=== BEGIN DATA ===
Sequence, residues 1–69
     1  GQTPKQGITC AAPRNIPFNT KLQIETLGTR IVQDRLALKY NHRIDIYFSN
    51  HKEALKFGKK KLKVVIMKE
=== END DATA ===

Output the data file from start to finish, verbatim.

Sequence, residues 1–69
     1  GQTPKQGITC AAPRNIPFNT KLQIETLGTR IVQDRLALKY NHRIDIYFSN
    51  HKEALKFGKK KLKVVIMKE